This week, more than 3,700 participants will gather in Kigali, Rwanda, for the fifth International Conference on Family Planning (ICFP). What is at stake? The lives and well-being of an estimated 214 million women of reproductive age in developing countries who want to avoid or delay pregnancy but are not using an effective form of modern contraception.
Are we prepared for the next infectious disease outbreak?
In this episode of A Deeper Look, I speak with Dr. Jonathan Quick, Senior Fellow Emeritus at Management Sciences for Health and author of the new book, The End of Epidemics: The Looming Threat to Humanity and How to Stop It.
A leader in epidemic prevention and control, Jonathan talks about the diseases we should worry about the most and why, the success stories and lessons learned in responding to epidemic and pandemic outbreaks, and what we need to do to be prepared for the next outbreak.
Young people, often the most vulnerable to recruitment by violent extremist groups, play a crucial role in countering and preventing violent extremism. But how can we more effectively focus on youth to reduce violent extremism? To answer this question, we convened a forum on the latest thinking in this rapidly evolving field. The forum, held earlier this year in Washington, DC, was webcast for a global audience.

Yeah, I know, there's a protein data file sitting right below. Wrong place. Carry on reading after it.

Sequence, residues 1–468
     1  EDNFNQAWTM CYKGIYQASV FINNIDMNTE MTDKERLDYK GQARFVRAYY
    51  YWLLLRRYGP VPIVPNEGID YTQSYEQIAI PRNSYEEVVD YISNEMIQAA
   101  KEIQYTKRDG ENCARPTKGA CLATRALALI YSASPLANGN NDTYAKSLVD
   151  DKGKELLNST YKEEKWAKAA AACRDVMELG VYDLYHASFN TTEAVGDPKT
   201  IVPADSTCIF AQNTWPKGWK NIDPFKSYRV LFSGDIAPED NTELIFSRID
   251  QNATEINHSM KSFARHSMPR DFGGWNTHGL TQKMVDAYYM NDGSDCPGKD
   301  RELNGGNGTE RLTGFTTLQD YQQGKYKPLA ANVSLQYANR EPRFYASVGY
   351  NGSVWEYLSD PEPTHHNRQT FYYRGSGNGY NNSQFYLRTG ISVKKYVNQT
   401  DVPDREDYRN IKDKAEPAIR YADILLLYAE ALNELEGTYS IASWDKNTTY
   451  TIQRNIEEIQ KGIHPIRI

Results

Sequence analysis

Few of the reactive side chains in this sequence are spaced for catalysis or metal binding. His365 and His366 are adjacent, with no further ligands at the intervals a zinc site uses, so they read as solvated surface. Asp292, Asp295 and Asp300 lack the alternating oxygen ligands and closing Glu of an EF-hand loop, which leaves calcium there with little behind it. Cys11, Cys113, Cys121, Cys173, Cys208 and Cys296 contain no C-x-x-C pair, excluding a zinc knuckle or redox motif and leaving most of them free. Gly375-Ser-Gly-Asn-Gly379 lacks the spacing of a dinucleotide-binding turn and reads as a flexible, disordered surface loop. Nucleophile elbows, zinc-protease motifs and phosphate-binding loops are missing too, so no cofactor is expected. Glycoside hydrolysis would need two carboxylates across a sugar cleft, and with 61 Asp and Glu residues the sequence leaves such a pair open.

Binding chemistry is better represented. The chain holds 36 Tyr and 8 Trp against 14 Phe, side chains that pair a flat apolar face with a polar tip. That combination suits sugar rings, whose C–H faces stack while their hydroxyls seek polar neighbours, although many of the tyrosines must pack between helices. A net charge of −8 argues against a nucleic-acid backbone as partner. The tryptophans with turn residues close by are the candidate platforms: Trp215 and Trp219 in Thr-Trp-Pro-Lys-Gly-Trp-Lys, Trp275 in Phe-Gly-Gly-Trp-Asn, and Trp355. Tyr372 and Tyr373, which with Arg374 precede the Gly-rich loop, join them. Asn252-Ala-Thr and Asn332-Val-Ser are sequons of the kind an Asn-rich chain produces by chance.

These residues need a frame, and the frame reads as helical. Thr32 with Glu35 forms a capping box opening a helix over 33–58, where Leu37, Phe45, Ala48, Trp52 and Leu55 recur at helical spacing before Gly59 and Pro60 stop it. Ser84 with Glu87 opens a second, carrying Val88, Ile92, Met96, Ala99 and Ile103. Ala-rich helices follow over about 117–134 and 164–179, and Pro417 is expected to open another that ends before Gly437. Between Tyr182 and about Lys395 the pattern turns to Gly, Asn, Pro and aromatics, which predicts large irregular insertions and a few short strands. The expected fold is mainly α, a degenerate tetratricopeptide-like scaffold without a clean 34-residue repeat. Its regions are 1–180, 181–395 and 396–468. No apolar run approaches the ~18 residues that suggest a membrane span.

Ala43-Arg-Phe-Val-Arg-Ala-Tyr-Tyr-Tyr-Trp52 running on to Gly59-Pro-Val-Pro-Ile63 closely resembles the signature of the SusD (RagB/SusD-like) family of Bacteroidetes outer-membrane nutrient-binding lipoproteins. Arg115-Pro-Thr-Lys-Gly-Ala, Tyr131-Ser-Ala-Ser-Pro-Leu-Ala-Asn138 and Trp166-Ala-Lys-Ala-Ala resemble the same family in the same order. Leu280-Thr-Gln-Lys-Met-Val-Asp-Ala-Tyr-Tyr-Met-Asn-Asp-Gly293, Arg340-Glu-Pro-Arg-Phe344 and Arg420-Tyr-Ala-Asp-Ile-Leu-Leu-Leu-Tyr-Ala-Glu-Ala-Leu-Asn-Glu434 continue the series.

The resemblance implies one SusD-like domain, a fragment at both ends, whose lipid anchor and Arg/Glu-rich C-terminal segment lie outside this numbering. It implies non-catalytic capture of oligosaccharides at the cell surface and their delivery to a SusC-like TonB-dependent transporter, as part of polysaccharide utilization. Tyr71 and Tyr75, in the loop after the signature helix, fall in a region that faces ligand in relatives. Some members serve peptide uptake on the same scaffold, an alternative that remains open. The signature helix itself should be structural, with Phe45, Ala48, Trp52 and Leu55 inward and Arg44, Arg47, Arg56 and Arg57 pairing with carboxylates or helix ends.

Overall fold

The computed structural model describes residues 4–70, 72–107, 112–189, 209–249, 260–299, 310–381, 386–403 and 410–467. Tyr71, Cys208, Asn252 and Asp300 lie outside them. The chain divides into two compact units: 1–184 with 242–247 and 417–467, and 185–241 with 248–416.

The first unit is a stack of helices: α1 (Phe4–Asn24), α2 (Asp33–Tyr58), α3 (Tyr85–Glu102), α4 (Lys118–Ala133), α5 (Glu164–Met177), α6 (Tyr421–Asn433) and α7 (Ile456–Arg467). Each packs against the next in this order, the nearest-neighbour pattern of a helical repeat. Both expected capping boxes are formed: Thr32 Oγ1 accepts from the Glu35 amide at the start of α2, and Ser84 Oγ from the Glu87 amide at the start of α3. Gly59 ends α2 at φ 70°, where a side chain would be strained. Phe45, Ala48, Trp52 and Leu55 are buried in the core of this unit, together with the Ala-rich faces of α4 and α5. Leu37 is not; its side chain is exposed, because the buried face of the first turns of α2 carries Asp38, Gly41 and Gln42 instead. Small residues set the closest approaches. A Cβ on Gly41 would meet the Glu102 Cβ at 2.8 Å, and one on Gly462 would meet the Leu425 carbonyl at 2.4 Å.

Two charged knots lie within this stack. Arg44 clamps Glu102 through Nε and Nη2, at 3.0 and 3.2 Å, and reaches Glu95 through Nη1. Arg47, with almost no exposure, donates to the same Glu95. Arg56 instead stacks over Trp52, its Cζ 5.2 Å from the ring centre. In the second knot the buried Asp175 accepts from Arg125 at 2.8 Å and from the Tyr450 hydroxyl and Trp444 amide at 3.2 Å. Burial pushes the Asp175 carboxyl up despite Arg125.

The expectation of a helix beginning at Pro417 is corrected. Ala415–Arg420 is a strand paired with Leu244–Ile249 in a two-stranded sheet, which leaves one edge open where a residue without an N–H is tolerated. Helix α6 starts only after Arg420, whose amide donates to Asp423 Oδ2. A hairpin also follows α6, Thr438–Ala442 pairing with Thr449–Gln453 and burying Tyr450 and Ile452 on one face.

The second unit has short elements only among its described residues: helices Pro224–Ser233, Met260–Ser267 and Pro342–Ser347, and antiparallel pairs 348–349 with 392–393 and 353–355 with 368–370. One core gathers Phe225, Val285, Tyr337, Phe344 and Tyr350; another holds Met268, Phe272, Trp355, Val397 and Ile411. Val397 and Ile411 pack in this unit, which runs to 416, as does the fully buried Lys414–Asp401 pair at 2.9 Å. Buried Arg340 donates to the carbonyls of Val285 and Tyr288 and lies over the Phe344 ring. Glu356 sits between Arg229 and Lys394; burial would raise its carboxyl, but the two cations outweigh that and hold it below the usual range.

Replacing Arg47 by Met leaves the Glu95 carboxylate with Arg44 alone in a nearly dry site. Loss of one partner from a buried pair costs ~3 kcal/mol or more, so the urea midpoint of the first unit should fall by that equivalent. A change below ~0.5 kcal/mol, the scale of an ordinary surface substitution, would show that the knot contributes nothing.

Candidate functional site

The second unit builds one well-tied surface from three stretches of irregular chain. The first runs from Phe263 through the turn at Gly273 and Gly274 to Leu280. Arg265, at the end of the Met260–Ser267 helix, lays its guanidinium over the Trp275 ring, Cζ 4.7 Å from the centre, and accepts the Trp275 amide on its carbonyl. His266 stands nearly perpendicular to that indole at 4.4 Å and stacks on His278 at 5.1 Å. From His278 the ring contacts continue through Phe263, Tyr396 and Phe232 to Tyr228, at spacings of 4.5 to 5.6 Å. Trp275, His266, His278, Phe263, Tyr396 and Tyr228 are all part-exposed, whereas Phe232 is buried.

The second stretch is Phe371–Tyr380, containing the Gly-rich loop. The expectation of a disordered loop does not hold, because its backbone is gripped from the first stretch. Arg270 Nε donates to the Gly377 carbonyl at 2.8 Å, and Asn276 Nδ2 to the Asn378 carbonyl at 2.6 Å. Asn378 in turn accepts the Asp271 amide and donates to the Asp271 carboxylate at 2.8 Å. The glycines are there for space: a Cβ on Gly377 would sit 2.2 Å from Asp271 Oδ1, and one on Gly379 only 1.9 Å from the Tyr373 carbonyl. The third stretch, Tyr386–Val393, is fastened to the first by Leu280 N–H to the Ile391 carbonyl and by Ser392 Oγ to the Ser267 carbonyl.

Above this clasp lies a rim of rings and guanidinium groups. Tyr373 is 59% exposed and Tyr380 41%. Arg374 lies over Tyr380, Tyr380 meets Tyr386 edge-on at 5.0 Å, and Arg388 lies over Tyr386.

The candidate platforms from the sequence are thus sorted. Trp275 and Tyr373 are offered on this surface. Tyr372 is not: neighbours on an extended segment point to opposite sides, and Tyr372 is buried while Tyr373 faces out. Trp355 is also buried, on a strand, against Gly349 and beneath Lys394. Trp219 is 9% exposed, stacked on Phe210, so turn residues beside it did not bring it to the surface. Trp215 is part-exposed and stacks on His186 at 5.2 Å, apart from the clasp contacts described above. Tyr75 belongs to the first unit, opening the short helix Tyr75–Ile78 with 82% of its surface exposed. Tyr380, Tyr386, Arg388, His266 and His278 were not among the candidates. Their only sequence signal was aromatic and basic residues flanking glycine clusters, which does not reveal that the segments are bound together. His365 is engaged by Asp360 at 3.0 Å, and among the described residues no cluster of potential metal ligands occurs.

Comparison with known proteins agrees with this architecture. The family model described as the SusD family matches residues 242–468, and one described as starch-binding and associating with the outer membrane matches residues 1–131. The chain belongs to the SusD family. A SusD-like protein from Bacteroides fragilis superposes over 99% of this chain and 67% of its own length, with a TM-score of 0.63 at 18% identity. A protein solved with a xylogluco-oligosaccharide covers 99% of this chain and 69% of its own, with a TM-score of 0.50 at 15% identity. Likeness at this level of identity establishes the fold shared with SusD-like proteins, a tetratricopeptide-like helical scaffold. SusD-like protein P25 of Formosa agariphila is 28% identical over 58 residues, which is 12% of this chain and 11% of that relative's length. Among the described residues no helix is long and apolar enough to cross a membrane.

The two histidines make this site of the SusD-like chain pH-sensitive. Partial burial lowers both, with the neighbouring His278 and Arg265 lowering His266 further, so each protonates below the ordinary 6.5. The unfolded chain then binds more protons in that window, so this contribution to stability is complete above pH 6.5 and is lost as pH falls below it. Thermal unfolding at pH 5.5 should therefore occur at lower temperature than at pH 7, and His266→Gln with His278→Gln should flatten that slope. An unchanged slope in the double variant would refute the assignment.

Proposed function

Kyle Dietrich of Equal Access International, Lauren Van Metre of George Washington University, Dean Piedmont of the Preventing/Countering Violent Extremism Initiative and Joseph Sany of FHI 360 shared new research on and approaches to youth engagement. They covered topics including reorienting radicalization, youth-led approaches to preventing violent extremism, the role of social media and extremist messaging, and the reintegration of foreign terrorist fighters. The participants identified prevention as the most promising opportunity to mitigate violent extremism.